The paperless office concept failed in general because it is still much easier to move a single piece of paper with important information around than it is to do it completely digitally. A physical piece of paper can sit on your desk as a constant visible and physical reminder that you need to deal with it. It takes up space, the boss sees it when he walks by. You can't just drop it into your email inbox and forget about it.

        Digital libraries will succeed over dead-tree ones for at least one reason: dead t

      • by u38cg (607297)
        The paperless office is here. You just have to have management with enough balls to really unplug all the printers.
    • Re: (Score:3, Informative)

      by Anonymous Coward

      The average life span of a hard drive is 5 years. This is not even to mention format incompatibilities. A paper book on acid-free paper has a life span in the hundreds of years. Paper is clearly the superior archival instrument.

      • by cellocgw (617879)

        I think your comparison is flawed. If you were reading a paper book hundreds of times a day (to say nothing of deleting and rewriting the pages), it would wear out far sooner than the hard drive.
        If you take a hard drive, write once, and place in a nice environmentally compatible locker, then read parts of it every few months, it'll last a longer time.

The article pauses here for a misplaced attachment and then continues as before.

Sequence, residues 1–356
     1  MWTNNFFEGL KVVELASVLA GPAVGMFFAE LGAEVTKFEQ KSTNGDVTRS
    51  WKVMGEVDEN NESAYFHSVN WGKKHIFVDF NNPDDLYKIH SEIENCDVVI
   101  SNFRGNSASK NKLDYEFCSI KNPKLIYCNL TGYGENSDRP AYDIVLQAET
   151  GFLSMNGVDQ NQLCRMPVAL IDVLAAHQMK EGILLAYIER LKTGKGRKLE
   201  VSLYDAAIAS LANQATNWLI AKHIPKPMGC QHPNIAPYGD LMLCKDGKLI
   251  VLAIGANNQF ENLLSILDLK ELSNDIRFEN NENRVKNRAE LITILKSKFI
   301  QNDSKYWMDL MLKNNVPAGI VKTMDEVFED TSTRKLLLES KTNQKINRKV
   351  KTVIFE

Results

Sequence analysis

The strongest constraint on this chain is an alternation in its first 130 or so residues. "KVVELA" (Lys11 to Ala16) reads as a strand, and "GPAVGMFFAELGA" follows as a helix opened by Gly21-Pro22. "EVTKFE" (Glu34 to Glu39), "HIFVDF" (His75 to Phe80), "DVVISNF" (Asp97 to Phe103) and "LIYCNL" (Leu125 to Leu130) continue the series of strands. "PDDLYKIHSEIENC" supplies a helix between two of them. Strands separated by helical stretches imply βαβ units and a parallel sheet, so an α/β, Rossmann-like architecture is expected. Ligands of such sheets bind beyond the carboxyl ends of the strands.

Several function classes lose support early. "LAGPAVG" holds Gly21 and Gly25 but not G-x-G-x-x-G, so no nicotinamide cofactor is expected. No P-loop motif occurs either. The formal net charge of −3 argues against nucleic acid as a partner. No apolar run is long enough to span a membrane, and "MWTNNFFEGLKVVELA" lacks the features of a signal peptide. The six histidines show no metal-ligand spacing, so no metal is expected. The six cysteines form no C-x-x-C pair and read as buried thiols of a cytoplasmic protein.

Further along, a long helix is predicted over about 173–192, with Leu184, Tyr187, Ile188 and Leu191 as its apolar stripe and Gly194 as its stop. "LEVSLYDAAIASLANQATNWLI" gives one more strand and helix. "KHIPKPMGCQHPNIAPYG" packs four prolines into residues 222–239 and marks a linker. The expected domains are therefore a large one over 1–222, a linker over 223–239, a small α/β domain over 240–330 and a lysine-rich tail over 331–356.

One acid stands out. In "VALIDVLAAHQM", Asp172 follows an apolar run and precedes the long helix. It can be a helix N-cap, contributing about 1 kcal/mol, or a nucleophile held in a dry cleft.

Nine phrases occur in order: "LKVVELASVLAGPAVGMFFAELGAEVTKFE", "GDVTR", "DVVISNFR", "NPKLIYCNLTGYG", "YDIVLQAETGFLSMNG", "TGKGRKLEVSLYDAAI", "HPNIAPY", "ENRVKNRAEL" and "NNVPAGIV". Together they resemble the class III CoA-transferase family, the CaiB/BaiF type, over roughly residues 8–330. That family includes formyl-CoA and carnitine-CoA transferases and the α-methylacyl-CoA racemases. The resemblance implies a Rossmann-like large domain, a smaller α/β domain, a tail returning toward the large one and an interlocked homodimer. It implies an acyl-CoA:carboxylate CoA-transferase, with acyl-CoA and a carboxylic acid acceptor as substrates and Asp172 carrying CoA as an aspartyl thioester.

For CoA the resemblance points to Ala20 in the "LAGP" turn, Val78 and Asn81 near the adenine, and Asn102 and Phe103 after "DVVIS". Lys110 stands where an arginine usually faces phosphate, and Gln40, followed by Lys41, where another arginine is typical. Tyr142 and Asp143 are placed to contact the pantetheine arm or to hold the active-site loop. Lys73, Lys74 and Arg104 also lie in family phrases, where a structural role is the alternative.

• I'm hoping you're not making an entirely serious point here. Digital storage has many advantages, including copies of perfect fidelity, ease of duplication and transfer that is completely unbeatable, as well as a terrifically convenient method of searching and storing.

    • by MacTO (1161105)

      Physical libraries are going to exist for a very long time.

      As things stand today, there are too many books that are not available electronically or that are not available to libraries electronically.

      As things stand today, libraries are more than a repository of books: they provide programs for everyone from toddlers to seniors.

      There are many advantages to electronic publications, but it is important to realize that there is a long way to go before those dead tree repositories disappear.

      • Books age and must be replaced.

        To sustain their collection, libraries must acquire fresh copies as their existing inventory reaches its end of life. The correct policy in this matter would be to replace books with a digital copy either provided by the publisher or recorded from the expiring edition.

        The wrong policy would be to buy yet another paper book.

        The existing system is neither economical nor rational in the current environment. Prior to ebooks people went to these institutions to get information. Mos

      • by Obfuscant (592200)

        As things stand today, libraries are more than a repository of books: they provide programs for everyone from toddlers to seniors.

        Yes, many public libraries have extended their useful lives based not on the books they house but on the social programs they host. They have public meeting rooms used by a large number of groups, and those groups aren't all "book clubs".